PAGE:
August 21, 2009

And I was sucked in too...

Joined twitter. Ugh.
Tried to hold off as long as I could.
I apologize ahead of time if my "tweets" are boring.

Follow me?

My turtle, Tony Little.

My water turtle doesn't like to swim. Figure that.

August 18, 2009

The Bird And The Bee - Diamond Dave: LOVING THIS


August 17, 2009

Sure, I'll get in on the Health Care Debate. Why not?

Disclaimer: I usually keep my political opinions out of this blog, and I'll start by saying this is NOT about politics. Whether you are an Obama lover or hater, red, blue or green, this has nada to do with that. So keep an open mind and read on. I'm just writing as an art director (amazing! we write too!) in a struggling creative industry. And if you strongly disagree, that's awesome. Just read through and maybe visit the links.

Here's my take on healthcare and the Ad Industry:

In the advertising industry, there's a fast trend that creatives are being picked up far more for freelance gigs. Duh. One of my all time favorite people and the godfather of advertising, Norm Grey, one of the founders ot the Creative Circus in Atlanta, recently had an article featured on Talent
In the article, he discusses how the trend in this industry is for agencies to hire freelancers as needed. Somewhat how Hollywood hires from Talent Agencies. The creative industry has far more freelancers than any other profession and eventually, the industry could shift to only hiring freelancers. While it would be stressful to always be searching for "the next gig," imagine the creativity when there's constant change and competition. The possibilities are far greater for agencies as a whole. CLICK HERE TO READ THE TALENT ZOO ARTICLE BY NORM GREY.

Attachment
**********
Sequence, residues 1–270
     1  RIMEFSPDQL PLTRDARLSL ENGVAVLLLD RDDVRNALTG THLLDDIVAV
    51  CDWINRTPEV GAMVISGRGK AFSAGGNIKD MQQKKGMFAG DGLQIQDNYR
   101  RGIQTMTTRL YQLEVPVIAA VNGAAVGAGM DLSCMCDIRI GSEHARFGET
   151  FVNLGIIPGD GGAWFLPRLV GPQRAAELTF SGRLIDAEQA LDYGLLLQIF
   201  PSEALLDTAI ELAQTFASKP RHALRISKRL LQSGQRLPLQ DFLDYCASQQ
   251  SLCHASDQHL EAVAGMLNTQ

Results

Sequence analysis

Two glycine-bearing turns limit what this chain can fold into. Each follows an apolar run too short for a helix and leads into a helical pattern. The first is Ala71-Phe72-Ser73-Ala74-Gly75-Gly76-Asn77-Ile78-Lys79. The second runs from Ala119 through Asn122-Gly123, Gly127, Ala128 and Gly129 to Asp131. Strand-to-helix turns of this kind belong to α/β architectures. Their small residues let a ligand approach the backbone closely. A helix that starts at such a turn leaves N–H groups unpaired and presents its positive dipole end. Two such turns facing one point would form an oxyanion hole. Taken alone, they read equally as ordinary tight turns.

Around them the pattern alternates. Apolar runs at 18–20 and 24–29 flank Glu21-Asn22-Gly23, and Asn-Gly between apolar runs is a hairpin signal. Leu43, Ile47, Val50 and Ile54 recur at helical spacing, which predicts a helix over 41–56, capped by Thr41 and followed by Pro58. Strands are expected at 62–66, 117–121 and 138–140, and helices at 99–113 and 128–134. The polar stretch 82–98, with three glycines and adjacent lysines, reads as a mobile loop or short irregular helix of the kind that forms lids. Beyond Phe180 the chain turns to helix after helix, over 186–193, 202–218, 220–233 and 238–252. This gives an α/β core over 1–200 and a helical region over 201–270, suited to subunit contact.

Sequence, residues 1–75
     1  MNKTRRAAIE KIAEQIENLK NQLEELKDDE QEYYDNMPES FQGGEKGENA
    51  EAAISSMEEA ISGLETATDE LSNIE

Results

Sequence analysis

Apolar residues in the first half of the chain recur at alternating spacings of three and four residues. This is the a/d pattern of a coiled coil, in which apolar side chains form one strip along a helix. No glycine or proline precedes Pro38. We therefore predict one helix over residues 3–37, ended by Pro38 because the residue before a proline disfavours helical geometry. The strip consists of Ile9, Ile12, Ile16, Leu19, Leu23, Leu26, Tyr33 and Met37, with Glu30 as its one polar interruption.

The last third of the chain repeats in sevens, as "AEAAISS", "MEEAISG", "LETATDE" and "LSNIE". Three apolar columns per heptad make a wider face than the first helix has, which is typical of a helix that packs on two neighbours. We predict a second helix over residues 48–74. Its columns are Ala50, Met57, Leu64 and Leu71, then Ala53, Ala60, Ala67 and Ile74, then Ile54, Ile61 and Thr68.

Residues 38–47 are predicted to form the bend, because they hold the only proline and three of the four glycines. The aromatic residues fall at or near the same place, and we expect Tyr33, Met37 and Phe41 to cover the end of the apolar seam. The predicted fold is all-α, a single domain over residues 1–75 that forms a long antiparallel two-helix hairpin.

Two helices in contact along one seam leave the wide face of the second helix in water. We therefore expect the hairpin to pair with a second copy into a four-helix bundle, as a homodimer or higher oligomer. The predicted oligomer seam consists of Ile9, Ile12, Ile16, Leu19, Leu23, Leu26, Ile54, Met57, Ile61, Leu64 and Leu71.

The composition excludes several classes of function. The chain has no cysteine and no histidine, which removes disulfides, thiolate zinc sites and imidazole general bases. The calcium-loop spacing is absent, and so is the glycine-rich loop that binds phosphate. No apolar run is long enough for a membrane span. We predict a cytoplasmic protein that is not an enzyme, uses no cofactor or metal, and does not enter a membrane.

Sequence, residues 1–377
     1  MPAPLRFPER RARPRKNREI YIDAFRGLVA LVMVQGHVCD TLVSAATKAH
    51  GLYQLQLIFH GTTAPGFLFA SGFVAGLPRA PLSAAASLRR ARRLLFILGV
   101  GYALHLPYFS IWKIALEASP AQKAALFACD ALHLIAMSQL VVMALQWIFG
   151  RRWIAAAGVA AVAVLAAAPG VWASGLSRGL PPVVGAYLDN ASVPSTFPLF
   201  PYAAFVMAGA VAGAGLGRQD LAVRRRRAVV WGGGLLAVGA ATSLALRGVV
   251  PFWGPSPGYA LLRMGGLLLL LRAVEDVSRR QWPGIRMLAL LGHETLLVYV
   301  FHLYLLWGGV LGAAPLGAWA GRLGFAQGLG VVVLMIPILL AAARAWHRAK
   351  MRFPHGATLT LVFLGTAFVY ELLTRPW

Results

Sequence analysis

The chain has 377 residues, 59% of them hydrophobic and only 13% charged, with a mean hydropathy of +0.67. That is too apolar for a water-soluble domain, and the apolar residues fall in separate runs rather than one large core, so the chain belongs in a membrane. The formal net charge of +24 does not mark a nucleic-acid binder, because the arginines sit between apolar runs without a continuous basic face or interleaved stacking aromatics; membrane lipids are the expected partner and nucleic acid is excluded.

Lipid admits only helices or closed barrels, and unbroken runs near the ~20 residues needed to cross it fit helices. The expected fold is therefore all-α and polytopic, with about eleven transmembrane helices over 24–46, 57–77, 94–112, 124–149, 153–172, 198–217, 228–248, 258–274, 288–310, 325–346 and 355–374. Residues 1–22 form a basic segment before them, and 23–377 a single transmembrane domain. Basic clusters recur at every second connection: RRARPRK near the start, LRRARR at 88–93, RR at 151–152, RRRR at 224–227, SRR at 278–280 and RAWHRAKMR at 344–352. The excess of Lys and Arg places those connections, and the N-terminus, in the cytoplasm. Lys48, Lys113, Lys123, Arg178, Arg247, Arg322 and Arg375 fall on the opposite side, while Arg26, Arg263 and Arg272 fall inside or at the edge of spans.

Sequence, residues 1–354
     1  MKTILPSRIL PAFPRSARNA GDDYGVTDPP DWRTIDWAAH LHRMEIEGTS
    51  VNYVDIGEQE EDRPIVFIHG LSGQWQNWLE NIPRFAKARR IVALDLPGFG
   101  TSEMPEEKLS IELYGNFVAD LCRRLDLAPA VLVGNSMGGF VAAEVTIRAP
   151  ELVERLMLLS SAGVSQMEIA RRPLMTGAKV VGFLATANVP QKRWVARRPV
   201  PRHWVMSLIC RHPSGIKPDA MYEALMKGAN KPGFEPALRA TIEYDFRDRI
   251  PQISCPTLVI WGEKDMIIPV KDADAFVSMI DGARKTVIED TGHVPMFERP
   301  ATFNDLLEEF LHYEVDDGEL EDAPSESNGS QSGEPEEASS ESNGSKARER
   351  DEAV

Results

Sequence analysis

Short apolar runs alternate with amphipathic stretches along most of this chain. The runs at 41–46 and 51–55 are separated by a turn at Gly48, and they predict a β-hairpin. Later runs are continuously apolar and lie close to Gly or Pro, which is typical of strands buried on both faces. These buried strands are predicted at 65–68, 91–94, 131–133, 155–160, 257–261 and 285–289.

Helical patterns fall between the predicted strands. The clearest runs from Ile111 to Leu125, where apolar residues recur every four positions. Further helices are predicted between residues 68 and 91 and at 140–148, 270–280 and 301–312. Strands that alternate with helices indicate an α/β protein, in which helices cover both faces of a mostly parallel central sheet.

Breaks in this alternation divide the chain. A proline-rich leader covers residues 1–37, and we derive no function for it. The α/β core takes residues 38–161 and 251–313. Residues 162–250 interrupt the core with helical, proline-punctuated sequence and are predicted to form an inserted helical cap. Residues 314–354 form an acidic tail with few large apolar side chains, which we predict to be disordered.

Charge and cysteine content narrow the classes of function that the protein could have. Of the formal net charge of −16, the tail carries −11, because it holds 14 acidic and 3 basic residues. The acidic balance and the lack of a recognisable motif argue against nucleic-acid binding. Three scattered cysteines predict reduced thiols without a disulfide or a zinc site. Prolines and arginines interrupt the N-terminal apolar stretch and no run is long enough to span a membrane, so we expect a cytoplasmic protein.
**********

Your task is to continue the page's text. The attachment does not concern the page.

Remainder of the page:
Here's the problem: Where are you going to get your healthcare when you're freelancer? Sure there are temporary things like COBRA but other than getting an exorbitantly high costing private health insurance, as a freelancer- you're screwed. You may be working constantly and making a great living, but you're paying three times as much for private health insurance as someone who is employed by only one company and their group rated insurance. And at the way the industry is going, everyone might be a freelancer soon. Not having a chance for fair health insurance limits people from choosing a career in lots of fields, not just those in creative industries. made a strong argument about how by limiting health care insurance, you limit entrepreneurialism. For a country based on Benjamin Franklin's idea that you can make something of yourself by working hard, we sure like to limit those working independently in these days. (Read My Autobiography by Benjamin Franklin.)

I was talking with a family friend yesterday,who works as a nurse, and she suggested that if this whole governmental healthcare program doesn't work out, the freelancers in creative industries need to get together to form a union and get a group insurance rate. Not a bad idea. I'm glad to see that this industry has become much more of a community, thanks to Sometimes it takes a catastrophe like the recession to make a family.